Inter-language work is always a stretch, it seems to me! In the past while, I’ve edited a manuscript by a Spanish first-language speaker who is developing English speaking and writing skills, and I’ve been editing a manuscript by another writer for whom English is a third language, with initial African and French languages. I’ve also edited works by German first-language and various other first-language speakers over the years.
I also have done some editing and proof-reading for a First Nations publisher, trying my best to maintain the “aboriginal voice” (with which I have experience to some degree in my 35+ years married to my husband who is of aboriginal descent) while making the authors’ writing a bit more accessible to mainstream readers. Even editing works by British writers is an interesting exercise, as there some surprising differences between British English and Canadian English–not just words and spelling, but “voice” too. I used to teach Core French at a Christian
Even editing works by British writers is an interesting exercise, as there are some surprising differences between British English and Canadian English–not just words and spelling, but “voice” too.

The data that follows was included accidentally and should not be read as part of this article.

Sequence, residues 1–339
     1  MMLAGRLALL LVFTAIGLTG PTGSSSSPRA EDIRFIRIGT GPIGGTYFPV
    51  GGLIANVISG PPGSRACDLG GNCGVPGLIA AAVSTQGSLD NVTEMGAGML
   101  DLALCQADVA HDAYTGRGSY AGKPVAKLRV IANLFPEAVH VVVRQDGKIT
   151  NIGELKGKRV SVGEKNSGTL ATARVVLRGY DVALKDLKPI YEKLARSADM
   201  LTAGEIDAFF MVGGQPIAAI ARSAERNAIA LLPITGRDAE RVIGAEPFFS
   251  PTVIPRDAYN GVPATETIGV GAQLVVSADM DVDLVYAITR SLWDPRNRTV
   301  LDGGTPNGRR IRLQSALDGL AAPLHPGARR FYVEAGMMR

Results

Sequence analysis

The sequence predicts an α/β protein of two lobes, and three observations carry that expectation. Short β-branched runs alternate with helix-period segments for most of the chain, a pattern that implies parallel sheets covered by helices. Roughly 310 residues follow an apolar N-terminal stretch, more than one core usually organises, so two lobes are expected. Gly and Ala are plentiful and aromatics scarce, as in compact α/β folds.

At one time, I taught Core French at a Christian school, and often created or translated Bible-based French-language materials (plays, songs, etc.) for the classes. My husband is Haida, and consequently I learned some of that, too–very different grammatical organisation and very different sounds than English (the sounds are a lot more like French than English).
I worked for CBC Radio Western Arctic out of Inuvik for a few years, and we broadcast in English, Loucheux, Slavey, and Inuvialuktun. Sometimes I did “native language transliteration,” — “translating” English language news feeds from Ottawa into basic English that could easily be translated live on the radio by the native-language speakers.
What I’ve learned through these varied experiences is that translation–and editing and writing–is so much more than just translating direct words or phrases. The whole voice and cadence are so important, and one does not want to lose that “other language feel” in the translation/editing process! When I edit, I want the readers to still clearly hear the voice of the author–it is my place as editor to make the work a bit more accessible to a broader/different audience while maintaining the voice and culture and heart–and yes, even some of the “other language”–of the author. I think this is one of my favourite–and most challenging — parts of editing.
And finding my own “voice” in my own writing is also a challenge! What about you? Why not share your experiences with “voice”?